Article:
"Google’s “Project Artistotle” investigates why some teams work better than others. Its analysis shows that the combination of individuals making up the group is unimportant. Instead, a team’s “group norms” – its “traditions, behavioral standards and unwritten rules” – are essential to how well the group performs. Teams are successful if their group norms lead to equal speaking time for all individuals within the group and an awareness of others’ emotional states. These factors produce a situation in which members of the group feel comfortable, or “safe,” and therefore more willing to contribute. Google’s data show that what Harvard business professor Amy Edmondson called “psychological safety” within the group leads to an increase in the group’s collective IQ and therefore its effectiveness and productivity."
Team members get things done on time and meet expectations.
2. Structure and clarity.
High-performing teams have clear goals, and have well-defined roles within the group.
The work has personal significance to each member.
The group believes their work is purposeful and positively impacts the greater good.
Yes, that's four, not five. The last one stood out from the rest:
5. Psychological Safety.
We've all been in meetings and, due to the fear of seeming incompetent, have held back questions or ideas. I get it. It's unnerving to feel like you're in an environment where everything you do or say is under a microscope.
But imagine a different setting. A situation in which everyone is safe to take risks, voice their opinions, and ask judgment-free questions. A culture where managers provide air cover and create safe zones so employees can let down their guard. That's psychological safety.
I know, not the quantitative data that you were hoping for. However, Google found that teams with psychologically safe environments had employees who were less likely to leave, more likely to harness the power of diversity, and ultimately, who were more successful.
Engineering the perfect team is more subjective than we would like, but focusing on these five components increases the likelihood that you will build a dream team. Through its research, Google made the ancient Greek philosopher Aristotle proud by proving, "The whole can be greater than the sum of its parts."
Teams are successful if their group norms lead to equal speaking time for all individuals within the group and an awareness of others’ emotional states.
I think this is tricky if a problem and observably true. The teams I've been involved with mesh easier when each are able to commune easily and this normally means equal chances speaking time. Whenever I've seen an imbalance I can safely say it is because the person had obvious narcissistic personality traits which were always destructive long term.
> But imagine a different setting. A situation in which everyone is safe to take risks, voice their opinions, and ask judgment-free questions. A culture where managers provide air cover and create safe zones so employees can let down their guard. That's psychological safety.
Also, there's a fine line between having members with "well-defined roles" and silo-ed divisions where people literally don't talk other teams unless there's a "hand-off" (yep, people still use that word). On the other hand, to have a really good team, you need folks that will actually listen to outsiders who might not be formally or organizationally qualified. You need people that will jump in and do stuff even when it's "not their job".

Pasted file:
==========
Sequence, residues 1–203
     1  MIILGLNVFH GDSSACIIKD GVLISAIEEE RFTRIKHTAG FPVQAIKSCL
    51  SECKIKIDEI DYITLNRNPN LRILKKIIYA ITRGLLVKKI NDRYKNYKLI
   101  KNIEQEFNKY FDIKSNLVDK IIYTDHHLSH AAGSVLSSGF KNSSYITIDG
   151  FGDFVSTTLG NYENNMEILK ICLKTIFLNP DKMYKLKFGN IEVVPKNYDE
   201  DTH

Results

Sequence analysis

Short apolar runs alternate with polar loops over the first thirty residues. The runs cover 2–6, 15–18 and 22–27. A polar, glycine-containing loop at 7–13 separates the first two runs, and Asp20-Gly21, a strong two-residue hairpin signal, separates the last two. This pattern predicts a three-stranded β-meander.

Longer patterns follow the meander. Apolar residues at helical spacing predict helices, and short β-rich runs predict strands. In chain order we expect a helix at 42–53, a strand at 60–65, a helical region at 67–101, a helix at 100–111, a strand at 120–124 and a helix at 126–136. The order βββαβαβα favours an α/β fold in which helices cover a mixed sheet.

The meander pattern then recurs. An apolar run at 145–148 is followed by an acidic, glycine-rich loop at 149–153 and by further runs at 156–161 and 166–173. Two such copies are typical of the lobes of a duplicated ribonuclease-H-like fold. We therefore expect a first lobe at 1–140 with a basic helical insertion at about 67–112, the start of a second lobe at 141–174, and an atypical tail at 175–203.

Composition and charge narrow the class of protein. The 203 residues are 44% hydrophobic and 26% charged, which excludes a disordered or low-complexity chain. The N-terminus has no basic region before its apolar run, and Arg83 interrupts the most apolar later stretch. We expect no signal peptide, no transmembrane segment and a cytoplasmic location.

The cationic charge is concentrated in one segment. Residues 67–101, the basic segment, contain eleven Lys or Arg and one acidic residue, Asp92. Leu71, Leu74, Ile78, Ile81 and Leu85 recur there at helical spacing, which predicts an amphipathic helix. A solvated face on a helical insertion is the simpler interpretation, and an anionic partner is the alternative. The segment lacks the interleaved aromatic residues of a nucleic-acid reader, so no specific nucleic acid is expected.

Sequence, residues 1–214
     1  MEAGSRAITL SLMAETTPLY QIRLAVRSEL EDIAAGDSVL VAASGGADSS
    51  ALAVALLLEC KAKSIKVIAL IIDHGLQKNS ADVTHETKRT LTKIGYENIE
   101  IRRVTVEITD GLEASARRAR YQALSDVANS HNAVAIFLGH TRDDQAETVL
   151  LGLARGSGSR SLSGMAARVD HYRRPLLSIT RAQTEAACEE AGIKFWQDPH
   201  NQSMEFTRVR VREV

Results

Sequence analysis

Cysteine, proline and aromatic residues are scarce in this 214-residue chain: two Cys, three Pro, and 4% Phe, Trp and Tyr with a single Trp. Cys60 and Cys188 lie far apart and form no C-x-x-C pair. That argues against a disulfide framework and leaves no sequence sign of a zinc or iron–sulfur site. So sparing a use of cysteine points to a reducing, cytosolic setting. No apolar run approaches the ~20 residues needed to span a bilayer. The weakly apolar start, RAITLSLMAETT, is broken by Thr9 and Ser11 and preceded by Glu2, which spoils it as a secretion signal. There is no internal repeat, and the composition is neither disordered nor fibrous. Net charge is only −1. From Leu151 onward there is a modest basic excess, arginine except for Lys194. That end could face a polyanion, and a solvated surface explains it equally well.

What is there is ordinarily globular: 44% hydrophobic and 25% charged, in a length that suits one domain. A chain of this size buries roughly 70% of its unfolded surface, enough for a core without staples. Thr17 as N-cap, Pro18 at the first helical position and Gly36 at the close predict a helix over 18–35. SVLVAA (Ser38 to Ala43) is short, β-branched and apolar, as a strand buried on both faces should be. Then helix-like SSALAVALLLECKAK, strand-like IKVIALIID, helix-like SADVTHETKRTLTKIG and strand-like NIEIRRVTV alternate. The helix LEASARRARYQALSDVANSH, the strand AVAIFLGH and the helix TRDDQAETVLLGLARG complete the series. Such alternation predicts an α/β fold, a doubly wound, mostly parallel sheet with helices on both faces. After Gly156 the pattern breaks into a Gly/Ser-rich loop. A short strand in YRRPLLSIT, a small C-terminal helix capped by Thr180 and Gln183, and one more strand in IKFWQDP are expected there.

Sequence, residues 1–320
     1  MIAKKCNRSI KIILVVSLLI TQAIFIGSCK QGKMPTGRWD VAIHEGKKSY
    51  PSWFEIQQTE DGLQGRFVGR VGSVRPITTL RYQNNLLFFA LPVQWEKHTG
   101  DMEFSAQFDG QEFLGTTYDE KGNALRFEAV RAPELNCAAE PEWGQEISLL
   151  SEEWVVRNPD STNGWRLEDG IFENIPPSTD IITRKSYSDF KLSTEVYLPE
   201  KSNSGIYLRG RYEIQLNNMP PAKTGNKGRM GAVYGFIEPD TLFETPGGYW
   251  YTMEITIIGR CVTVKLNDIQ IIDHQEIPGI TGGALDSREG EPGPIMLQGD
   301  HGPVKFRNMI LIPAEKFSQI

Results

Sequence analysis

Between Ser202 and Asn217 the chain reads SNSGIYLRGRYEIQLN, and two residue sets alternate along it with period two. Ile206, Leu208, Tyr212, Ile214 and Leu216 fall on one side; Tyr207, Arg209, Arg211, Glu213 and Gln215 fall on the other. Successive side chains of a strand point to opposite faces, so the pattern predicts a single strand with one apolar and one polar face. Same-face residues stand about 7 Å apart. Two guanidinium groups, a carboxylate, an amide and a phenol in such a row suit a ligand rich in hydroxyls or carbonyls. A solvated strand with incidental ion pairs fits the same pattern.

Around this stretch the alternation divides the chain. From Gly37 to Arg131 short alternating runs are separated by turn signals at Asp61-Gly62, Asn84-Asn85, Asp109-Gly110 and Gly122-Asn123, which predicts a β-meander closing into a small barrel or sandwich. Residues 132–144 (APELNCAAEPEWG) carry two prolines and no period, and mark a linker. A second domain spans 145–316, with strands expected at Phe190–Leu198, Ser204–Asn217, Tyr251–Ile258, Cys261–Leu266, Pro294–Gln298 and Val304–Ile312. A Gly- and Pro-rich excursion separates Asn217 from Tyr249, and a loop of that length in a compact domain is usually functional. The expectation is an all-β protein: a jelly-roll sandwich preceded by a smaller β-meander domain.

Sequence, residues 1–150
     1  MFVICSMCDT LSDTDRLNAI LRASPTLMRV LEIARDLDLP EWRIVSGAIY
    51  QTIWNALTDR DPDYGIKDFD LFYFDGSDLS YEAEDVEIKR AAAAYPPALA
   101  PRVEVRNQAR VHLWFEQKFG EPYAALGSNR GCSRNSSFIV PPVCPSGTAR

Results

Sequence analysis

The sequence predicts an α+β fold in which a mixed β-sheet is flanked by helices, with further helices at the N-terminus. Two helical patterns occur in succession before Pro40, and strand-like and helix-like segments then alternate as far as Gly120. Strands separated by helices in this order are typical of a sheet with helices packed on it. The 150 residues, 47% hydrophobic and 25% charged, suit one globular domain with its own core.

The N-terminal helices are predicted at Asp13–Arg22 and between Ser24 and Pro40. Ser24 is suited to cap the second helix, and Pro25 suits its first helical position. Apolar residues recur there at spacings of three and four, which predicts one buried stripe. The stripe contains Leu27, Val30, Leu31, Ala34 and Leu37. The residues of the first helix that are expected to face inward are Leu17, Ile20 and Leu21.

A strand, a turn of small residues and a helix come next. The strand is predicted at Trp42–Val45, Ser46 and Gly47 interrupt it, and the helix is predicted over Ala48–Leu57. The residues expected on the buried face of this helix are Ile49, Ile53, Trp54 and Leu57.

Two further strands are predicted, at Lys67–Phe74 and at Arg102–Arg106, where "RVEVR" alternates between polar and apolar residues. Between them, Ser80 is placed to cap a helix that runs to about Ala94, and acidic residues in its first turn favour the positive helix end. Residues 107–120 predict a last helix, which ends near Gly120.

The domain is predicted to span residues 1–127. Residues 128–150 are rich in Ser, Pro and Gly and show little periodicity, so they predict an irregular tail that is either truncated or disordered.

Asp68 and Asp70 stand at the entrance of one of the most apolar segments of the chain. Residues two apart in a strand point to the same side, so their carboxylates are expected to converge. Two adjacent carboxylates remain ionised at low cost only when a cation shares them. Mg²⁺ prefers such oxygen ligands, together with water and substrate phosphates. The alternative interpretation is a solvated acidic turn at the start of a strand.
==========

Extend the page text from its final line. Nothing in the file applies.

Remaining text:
I am all in favor of the intent of these rules, but applying them takes a level of nuance that the vast majority of organizations simply can't pull off. That's OK.
"91% Employees Experience Burnout" implies that 91% of employees suffer from burnout, whereas - firstly - there is no data in the article to indicate that this is the case.
Secondly, the question that comes closest to the 91% answer is "What is the main source of employee burnout at your current workplace?", to which 9.7% of people answered that "Burnout isn't a problem at my company." This leaves 90.3% (and a rounding error!) who think that burnout is a problem at their company and think they know why that is. This does not mean they themselves are suffering or have suffered from burnout.
I'm not trying to minimise the problem of burnout, but I would strongly suggest if we're going to have a serious discussion about it we should get our facts and our data straight and not base that discussion off a poorly written and researched employee engagement puff-piece.
It is also contradicted by the primary source's previous survey: http://blog.teamblind.com/index.php/2018/05/29/close-to-60-p...
Apart from it the original source is also speaking the same facts that the sole reason for burn out is poor leadership and unclear direction.
What's worse than working for a bad boss/company?
Working for a bad boss/company and carrying 50k in debt.
Therefore, if everyone is burning out, no one is really burning out or, we somehow extended the definition of burnout to something that can be applied to even the most minute set of complaints.
Being burnt out doesn't need a frame of reference other than the internal one of the "burnee". So it can be valid under any conditions.
Energy levels are like a rubber band. You can stretch it.
But when you are burned out you are at the end of the stretch and even destroying the band so it won't jump back immediately.
"If everything is urgent, nothing is urgent" is about bad management. The inability to prioritize.
Our industry is full of over time and late hours. Full of pressure because of time constraints. And all that focused on only on small part of our body.
No wonder that so many get hurt.